This morning’s New York Times features a story by Charlie Savage about yesterday’s addition of a conspiracy charge to the pending military commission proceeding at Guantánamo against Abdul Hadi al Iraqi, a high-value detainee apparently captured in late 2006 and one of the last detainees sent to Guantánamo in early 2007 (after some period of detention at a CIA black site). As Charlie rightly notes, this could become a very big deal–and a test case for the future of the commissions after the impending en banc D.C. Circuit decision in al-Bahlul. After all, the issue in al-Bahlul, as it was in Hamdan II, is whether the offenses enumerated by Congress in the Military Commissions Act of 2006 can be applied to pre-MCA offenses not recognized as international war crimes at the time of their commission–i.e., can Congress retroactively purport to define the laws of war? In Hamdan II, a three-judge panel of the D.C. Circuit unanimously held that the answer was no (albeit on statutory, rather than constitutional grounds). But Judge Kavanaugh expressly distinguished the question of the MCA’s prospective application–i.e., whether Congress can prospectively subject to trial by military commission offenses (like conspiracy and material support) that are not recognized as international war crimes. As he wrote (for only himself) in footnote 6:
Although material support for terrorism is not yet an international-law war crime, Congress’s war powers under Article I are not defined or constrained by international law. The Declare War Clause and the other Article I war powers clauses do not refer to international law, unlike the Define and Punish Clause. Moreover, Congress has long prohibited war crimes beyond those specified by international law. The U.S. Constitution does not give the international community—either directly, or indirectly through the vehicle of international law—a judicially enforceable veto over Congress’s exercise of its war powers. Put simply, the United States may be a leader in the international community, not just a follower, when Congress authorizes war against a terrorist organization or makes crimes such as material support for terrorism war crimes triable by military commission.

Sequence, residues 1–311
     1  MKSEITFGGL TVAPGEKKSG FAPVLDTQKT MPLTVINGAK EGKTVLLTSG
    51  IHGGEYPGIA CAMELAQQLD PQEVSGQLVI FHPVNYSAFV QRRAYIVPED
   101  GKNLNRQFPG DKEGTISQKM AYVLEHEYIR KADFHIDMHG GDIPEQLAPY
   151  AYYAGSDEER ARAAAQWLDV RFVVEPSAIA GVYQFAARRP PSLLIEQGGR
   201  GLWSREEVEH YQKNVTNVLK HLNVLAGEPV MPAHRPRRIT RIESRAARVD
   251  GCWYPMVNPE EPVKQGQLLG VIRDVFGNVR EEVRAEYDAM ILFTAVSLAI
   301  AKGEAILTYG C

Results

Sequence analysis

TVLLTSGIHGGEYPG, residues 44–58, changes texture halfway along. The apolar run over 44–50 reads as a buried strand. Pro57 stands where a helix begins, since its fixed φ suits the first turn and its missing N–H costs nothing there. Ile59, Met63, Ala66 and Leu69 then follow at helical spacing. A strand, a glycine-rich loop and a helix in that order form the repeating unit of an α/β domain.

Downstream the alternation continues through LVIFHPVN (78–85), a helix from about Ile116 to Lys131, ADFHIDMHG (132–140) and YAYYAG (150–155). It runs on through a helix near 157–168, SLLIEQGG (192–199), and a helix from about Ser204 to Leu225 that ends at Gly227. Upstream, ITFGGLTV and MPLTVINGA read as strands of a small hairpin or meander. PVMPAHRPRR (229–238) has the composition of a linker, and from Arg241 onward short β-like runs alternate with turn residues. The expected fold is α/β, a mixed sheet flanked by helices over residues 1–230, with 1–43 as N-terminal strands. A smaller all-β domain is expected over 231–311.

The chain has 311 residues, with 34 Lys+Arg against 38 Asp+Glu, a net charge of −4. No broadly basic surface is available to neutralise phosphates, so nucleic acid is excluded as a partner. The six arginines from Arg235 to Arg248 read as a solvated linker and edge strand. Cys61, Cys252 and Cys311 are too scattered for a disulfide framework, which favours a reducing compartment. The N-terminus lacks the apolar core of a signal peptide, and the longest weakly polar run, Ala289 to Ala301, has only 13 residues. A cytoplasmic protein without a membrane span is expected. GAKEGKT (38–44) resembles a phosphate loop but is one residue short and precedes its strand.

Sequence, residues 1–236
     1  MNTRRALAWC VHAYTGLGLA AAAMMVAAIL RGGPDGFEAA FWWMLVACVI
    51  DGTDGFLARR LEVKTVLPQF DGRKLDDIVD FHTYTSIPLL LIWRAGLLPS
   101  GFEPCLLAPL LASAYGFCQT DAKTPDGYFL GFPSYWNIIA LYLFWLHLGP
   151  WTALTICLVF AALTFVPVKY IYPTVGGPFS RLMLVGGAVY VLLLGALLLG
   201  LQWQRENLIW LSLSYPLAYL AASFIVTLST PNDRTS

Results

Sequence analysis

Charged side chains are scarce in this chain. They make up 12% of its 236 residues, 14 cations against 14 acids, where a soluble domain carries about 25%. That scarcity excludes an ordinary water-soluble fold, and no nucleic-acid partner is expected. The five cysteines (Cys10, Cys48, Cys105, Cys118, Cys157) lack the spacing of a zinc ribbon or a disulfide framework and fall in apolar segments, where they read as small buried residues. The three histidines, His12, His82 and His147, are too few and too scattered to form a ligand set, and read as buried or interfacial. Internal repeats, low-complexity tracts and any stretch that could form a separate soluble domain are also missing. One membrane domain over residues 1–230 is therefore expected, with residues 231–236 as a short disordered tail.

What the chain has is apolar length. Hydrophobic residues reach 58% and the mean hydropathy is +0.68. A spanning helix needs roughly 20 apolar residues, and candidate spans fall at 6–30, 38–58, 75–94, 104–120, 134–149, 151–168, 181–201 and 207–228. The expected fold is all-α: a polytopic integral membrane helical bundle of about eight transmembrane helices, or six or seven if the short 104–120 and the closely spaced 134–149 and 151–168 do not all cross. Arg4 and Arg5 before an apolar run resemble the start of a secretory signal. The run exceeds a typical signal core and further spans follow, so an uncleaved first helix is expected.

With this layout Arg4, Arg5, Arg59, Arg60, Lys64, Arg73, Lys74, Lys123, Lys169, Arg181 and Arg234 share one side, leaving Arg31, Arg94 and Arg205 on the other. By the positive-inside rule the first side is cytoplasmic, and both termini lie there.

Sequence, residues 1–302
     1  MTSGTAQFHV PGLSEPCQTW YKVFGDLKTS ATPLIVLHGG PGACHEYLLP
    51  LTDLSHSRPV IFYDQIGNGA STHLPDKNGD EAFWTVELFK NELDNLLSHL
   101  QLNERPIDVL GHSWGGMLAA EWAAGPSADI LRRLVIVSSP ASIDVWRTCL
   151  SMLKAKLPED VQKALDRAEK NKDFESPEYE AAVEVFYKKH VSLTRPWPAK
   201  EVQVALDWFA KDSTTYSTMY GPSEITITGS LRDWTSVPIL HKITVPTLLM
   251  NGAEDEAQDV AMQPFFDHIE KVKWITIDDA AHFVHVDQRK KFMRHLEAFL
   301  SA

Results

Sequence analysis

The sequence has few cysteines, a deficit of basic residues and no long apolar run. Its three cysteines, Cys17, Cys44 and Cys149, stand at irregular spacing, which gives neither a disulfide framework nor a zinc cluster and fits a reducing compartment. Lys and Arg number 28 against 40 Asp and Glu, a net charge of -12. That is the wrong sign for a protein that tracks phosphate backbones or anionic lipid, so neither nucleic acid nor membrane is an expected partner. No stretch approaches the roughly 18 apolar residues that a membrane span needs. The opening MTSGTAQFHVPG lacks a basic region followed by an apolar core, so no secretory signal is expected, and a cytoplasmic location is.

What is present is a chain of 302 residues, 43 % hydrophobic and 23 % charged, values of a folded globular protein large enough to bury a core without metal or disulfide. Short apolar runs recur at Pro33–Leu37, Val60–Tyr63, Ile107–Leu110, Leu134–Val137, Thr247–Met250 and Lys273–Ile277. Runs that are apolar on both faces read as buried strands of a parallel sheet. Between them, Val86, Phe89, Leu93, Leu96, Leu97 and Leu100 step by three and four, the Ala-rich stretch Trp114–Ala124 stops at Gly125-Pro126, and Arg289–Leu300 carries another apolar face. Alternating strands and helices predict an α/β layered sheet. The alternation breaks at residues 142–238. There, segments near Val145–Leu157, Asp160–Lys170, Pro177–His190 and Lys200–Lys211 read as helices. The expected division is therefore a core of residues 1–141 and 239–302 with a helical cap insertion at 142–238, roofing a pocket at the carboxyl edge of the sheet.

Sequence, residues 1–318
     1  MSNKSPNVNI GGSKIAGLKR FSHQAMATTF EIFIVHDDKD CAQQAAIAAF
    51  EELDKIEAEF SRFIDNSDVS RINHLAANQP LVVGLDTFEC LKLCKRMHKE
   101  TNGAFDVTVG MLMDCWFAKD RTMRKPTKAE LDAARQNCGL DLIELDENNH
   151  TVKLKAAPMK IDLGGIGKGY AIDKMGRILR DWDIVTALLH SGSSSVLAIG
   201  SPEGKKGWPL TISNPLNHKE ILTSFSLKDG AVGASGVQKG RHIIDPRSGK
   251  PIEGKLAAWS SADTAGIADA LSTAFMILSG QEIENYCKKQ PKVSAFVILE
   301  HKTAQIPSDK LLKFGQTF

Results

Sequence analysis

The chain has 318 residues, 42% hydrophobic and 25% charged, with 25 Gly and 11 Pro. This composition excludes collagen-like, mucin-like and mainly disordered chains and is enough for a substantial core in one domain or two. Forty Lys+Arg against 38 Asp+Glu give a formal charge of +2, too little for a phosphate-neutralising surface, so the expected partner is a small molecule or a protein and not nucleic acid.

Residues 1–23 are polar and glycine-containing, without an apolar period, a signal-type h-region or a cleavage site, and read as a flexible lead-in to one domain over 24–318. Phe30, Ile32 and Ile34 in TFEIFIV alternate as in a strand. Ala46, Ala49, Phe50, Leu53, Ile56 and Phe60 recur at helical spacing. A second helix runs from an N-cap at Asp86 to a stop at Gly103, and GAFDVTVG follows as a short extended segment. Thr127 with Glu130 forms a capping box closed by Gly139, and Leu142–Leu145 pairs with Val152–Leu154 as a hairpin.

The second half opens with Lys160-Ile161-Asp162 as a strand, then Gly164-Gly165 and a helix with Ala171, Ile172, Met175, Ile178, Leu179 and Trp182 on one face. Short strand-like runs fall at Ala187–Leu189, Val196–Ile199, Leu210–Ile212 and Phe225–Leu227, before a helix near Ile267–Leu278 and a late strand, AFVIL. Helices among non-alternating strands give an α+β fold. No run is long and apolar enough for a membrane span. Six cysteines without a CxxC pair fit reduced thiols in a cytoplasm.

And, although the timing and circumstances of al Iraqi’s capture are still murky, it appears, in light of both the government’s filing and its position with respect to pre-MCA offenses, that at least some of the underlying conduct at issue post-dated the MCA’s October 17, 2006 enactment. In other words, al Iraqi appears to feature the first conspiracy charge based upon post-MCA conduct, and therefore the first case to test Judge Kavanaugh’s distinction.
I’ve written at great length (and filed an amicus brief in support of the Petitioner in al-Bahlul) to explain the shortcomings in this argument (and Judge Kavanaugh’s cursory analysis)–that, separate from retroactivity concerns, Article III generally precludes the assertion of military jurisdiction over offenses that are not recognized as triable by military commission under international law. But whatever side one comes down on, this is the key legal question for the future of military commissions, especially if the en banc D.C. Circuit rules for the Petitioner in al-Bahlul. After all, all such a decision would do is foreclose military commission trials for most of the current detainees (most of whom have been there since before the MCA was enacted). But if the commissions are going to be anything more than a one-off solution for the Guantánamo legacy cases, their utility is going to depend entirely upon whether they are allowed to try post-MCA conspiracy and material support offenses (as opposed to clear international war crimes). Thus, al Iraqi just became the critical test case for the role of military commissions in forward-looking U.S. counterterrorism policy.